Top Climate Change Donors Pull Back the Curtain on Their Past and Future Giving


Nat Simons and Laura Baxter-Simons have run the Sea Change Foundation, one of the biggest funders of climate and clean energy work, for over a decade with almost no public profile. The foundation has been a powerful, low-key friend to green groups, and at times, a target for conservatives.

Now, for the first time, the couple are publicizing details about their philanthropy, including confirming more than $500 million in grants for climate and clean energy initiatives to date. That figure makes Nat and Laura among the all-time top living donors in this space. 

In a statement released to Inside Philanthropy, Nat Simons also stated that Klein Ltd.—a Bermuda-based entity that contributed to Sea Change and has drawn speculation about foreign funding of environmentalists—is directed solely by him and funded exclusively by Simons family wealth. Klein has been renamed Sea Change Foundation International, and will continue as a Bermuda-based philanthropy that shares the mission of the couple’s stateside foundation.

“I wish to clarify that press reports speculating that Klein has received funding from outside sources are factually incorrect and have no basis. Neither Klein nor Sea Change Foundation has ever solicited or accepted contributions from non-family related sources,” Simons said (see the full statement below).

Rather, the couple said, Klein is entirely derived from a large trust in Bermuda whose beneficiaries were Nat Simons’ father Jim Simons, his family members, and charitable entities. As previously reported in the Paradise Papers investigation, Jim Simons had a massive trust that had grown to billions of dollars, and in 2010 was divided up into Simons family “sub-trusts.” All of Klein's funding comes from that restructuring, the couple said.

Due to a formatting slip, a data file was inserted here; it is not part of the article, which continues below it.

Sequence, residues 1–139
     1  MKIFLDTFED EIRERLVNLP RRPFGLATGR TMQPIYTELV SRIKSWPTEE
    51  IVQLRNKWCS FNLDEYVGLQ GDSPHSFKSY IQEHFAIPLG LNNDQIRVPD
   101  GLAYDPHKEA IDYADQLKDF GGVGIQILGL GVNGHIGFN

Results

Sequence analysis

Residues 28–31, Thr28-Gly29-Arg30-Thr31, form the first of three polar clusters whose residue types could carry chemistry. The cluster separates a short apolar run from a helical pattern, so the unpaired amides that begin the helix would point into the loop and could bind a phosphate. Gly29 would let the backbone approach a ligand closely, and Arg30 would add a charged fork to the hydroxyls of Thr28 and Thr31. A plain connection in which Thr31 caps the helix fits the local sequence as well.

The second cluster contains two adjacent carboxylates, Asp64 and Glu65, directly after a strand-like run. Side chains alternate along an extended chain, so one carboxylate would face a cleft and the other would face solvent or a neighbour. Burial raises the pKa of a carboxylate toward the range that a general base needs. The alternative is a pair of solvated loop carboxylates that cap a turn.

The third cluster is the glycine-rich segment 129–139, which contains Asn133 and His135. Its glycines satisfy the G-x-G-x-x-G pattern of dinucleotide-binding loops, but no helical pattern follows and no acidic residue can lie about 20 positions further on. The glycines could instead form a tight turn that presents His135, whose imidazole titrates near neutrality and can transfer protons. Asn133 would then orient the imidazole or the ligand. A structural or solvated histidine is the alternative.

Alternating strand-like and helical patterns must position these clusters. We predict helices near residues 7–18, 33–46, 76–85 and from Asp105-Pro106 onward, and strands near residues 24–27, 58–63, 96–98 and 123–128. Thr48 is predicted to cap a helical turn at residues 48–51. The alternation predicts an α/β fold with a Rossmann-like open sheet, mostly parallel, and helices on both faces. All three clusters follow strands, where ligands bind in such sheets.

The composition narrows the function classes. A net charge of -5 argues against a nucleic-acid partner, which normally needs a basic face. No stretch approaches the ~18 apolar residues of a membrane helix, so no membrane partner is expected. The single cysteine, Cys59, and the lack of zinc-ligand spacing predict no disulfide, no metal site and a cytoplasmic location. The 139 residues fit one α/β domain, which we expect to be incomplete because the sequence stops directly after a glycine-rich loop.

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The announcement is a move toward more transparency for the couple’s philanthropy, but also, particularly based on what we know about the size of the family’s offshore wealth, indicates substantially more climate grantmaking on the way. The Simonses said they intend to give between $50 million and $75 million per year toward climate mitigation and clean energy work for the foreseeable future. For context, the country’s largest climate funder, the Hewlett Foundation, gave $128 million to the cause in 2017.

Nat Simons is a member of the philanthropically active Simons clan—son of billionaire hedge fund wizard and major Democratic donor Jim Simons, who runs a top science foundation with his wife Marilyn Simons. Three Simons children have their own philanthropies, with Liz Simons, Audrey Cappell, and Nat Simons taking on climate change, human rights, and other issues. Nat and Laura Baxter-Simons recently joined others in the family in signing on to the Giving Pledge.

While they each have become forces in the various issues they fund, the family has also been touched by controversy over how the country’s richest people manage and deploy their tremendous wealth, including in ways that keep both assets and giving out of the public eye. This move marks a notable shift for a couple that, whether they wanted to or not, have become key figures in the country’s climate fight. 

What is Sea Change? 

The Sea Change Foundation does pretty much one thing—gives big funding to nonprofits working on climate change and clean energy. The foundation makes large grants, and has been known to give millions to individual groups in a given year. It's working with outside consultants and a two-person board, but nonetheless channels large amounts in a uniquely focused manner. 

Sea Change launched in 2006, and according to Nat Simons, has given around $500 million to date, at a rate that’s increasing. “Due to the urgency of the issue and the momentum generated by the Paris Climate Accord, Sea Change Foundation has recently materially increased its annual grant budget as it continues to focus its efforts on this issue,” he said in the statement.